About me

To describe my love for astronomy,
I will resort to a few words by Vera Rubin:
"I became an astronomer because I could not imagine
living on Earth and not trying to understand how the Universe works."

I am a fourth year graduate student in planetary science at Caltech. I have had the privilege of pursuing my long held childhood interest in astronomy and planetary science for the last four years. I grew up in Delhi and finished high school in Singapore on a SIA Youth Scholarship. I then moved to the U.K. to do my undergraduate study at the University of Cambridge, where I finished my bachelors in physics and masters in astronomy.

Research Interests

I have a broad interest in planetary atmospheres, planet formation, and protoplanetary discs, which is reflected by the breadth of my projects. More specifically, I am interested in:

  • Dust evolution in protoplanetary disks and consequences for planet formation
  • Planet formation and accretion of envelopes onto cores
  • Planetary atmospheric composition and its provenance
  • Atmosphere-interior interaction and its observable consequences
I use observational, analytical, and numerical methods in my attempts to study these areas. For more details, please take a look at the projects I am involved in.

Current and Past Projects

C.V.

Education

PhD, California Institute of Technology, 2017-
Advisors: Heather Knutson and Dave Stevenson
M. Sci, Institute of Astronomy, University of Cambridge, 2016-17
Advisors: Cathie Clarke, Amaury Triaud, Richard Booth
B. A., Natural Sciences (Physics), University of Cambridge, 2013-16

Recipient of: Institute of Astronomy Prize, Dirac Prize,
Cambridge Commonwealth Trust Scholarship,
SIA Youth Scholarship

Publications on ADS Full C.V.

Current and Past Projects

Spectroscopic Characterization of Exoplanetary Atmospheres

I reduce and analyze data from the Hubble and Spitzer Space Telescopes to characterize planetary atmospheres. In particular, I studied the quintessential warm-Neptune HAT-P-11b in detail and found that its atmosphere is atypically poor in heavy elements (Chachan et al. 2019). I also used Hubble data to study the super-puff Kepler79d and argue that high altitude hazes can explain the spectra and mass loss histories of super-puffs (Chachan et al. 2020). To interpret atmospheric spectra, I co-developed the open source forward and retrieval modelling code PLATON with Michael Zhang (Github, Zhang et al. 2019, Zhang et al. 2020).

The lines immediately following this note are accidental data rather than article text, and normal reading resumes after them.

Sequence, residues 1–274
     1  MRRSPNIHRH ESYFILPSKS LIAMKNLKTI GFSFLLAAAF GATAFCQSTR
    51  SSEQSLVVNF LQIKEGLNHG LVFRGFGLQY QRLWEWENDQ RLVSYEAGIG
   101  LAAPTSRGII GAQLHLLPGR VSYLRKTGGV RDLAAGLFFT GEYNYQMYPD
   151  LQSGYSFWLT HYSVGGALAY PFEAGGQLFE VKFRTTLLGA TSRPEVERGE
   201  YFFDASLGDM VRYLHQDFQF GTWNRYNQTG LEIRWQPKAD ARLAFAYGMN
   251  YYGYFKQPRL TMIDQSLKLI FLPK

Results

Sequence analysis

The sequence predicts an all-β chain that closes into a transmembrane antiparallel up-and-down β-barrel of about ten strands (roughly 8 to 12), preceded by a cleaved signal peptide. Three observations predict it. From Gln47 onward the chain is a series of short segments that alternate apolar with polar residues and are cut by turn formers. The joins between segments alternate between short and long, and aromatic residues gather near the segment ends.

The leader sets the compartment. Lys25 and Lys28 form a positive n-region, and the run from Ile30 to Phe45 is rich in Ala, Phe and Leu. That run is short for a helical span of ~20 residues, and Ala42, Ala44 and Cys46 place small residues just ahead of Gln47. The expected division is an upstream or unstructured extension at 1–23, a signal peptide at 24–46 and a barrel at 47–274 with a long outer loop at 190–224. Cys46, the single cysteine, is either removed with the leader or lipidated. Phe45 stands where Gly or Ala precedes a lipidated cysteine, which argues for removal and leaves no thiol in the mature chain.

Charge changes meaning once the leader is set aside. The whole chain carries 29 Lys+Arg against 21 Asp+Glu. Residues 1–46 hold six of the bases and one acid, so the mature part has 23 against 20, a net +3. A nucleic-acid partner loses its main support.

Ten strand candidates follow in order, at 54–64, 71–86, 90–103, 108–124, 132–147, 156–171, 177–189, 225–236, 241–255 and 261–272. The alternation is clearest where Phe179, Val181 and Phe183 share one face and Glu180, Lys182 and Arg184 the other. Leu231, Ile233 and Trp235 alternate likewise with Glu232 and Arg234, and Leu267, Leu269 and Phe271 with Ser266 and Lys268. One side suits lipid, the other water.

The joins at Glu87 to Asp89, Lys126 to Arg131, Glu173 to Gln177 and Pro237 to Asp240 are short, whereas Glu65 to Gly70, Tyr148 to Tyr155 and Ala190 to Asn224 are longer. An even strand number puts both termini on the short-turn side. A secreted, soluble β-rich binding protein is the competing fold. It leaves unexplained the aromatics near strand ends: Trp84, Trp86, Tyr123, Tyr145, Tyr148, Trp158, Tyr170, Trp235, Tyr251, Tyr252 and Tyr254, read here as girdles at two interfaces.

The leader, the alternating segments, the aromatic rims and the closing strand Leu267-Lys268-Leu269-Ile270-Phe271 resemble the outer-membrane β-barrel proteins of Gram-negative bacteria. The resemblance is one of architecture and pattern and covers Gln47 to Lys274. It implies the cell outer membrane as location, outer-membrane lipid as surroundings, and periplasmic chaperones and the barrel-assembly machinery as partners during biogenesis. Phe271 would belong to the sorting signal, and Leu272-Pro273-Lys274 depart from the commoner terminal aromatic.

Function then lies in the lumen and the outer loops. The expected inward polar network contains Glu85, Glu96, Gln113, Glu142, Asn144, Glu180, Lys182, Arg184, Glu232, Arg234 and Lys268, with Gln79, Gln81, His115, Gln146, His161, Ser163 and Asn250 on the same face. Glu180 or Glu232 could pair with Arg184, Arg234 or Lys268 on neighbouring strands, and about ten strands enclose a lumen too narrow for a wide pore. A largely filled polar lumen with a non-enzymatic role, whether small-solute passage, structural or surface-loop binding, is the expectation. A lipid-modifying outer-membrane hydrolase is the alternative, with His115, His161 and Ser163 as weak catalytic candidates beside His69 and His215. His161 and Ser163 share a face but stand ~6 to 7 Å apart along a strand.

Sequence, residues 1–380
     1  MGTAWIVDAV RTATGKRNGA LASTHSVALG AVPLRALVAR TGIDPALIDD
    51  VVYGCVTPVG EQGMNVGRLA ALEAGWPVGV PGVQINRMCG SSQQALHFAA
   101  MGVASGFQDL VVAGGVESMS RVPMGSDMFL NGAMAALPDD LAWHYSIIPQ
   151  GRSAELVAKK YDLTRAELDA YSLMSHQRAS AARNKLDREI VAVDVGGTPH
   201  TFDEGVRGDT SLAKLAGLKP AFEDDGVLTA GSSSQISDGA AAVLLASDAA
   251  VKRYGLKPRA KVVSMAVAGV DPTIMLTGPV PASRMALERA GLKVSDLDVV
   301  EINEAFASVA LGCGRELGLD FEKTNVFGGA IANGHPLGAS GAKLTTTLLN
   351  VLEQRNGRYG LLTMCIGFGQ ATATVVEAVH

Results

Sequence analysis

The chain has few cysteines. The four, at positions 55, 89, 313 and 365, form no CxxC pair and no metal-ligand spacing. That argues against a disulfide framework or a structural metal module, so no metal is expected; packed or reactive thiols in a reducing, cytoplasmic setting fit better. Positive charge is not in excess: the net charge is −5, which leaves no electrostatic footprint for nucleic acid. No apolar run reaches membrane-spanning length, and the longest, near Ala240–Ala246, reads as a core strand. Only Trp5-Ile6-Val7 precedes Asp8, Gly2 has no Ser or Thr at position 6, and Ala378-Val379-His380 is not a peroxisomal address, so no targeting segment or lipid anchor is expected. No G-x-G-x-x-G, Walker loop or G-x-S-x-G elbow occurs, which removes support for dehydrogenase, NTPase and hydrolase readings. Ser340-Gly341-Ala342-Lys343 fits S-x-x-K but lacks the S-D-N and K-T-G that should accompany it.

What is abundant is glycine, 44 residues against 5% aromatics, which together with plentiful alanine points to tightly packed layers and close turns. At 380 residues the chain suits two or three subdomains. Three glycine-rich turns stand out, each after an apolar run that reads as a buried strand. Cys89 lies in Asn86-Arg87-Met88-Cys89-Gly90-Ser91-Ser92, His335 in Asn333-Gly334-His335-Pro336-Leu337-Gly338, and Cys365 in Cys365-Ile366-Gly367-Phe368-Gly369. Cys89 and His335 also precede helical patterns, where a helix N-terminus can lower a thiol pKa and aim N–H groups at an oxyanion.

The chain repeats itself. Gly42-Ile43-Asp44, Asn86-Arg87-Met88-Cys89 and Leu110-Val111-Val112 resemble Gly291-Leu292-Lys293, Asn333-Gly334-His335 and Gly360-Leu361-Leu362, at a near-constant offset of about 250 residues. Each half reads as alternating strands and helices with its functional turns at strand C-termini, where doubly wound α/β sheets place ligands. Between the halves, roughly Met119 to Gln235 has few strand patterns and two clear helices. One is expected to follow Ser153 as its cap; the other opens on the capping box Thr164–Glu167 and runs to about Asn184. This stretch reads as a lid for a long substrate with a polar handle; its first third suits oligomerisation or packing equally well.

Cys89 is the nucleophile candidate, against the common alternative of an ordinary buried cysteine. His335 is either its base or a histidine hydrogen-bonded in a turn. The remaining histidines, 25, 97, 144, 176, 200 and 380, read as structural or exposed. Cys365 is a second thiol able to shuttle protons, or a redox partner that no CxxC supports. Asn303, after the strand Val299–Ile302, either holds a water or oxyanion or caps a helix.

Dust in protoplanetary disks and planet formation

I am particularly intrigued by the evolution of dust in protoplanetary disks and its consequences for planet formation. Currently, I am studying the formation of cold gas giants with inner super-Earths in the pebble accretion paradigm. In Chachan, Lee, & Knutson 2021, I showed that changes in material properties of grains across the water ice line creates strong radial gradients in the dust-to-gas ratio of the disk, which could explain why 1) giant planets preferrentially form at intermediate distances, 2) super-Earths do not undergo runaway accretion, and 3) super-puffs likely formed beyond the ice line and migrated in. I also studied the dynamics of dust in binary star systems and its consequences for formation of circumbinary planets in Chachan et al. 2019.

Atmosphere-Interior Interaction

I use semi-analytical and numerical tools to model the atmosphere-interior coupling and evolution of super-Earths. In Chachan & Stevenson 2018, I showed that an enormous amount of hydrogen can be stored in the interiors of super-Earths due to hydrogen's solubility in magma oceans.

Older Projects

I have dabbled in various research projects over the years. These includes studies on Saturn's differential flow and gravitational moments (Chachan & Stevenson 2019), Venus' circumsolar ring (Github), phase transformations of oxides of Iron, and moleculer spintronics.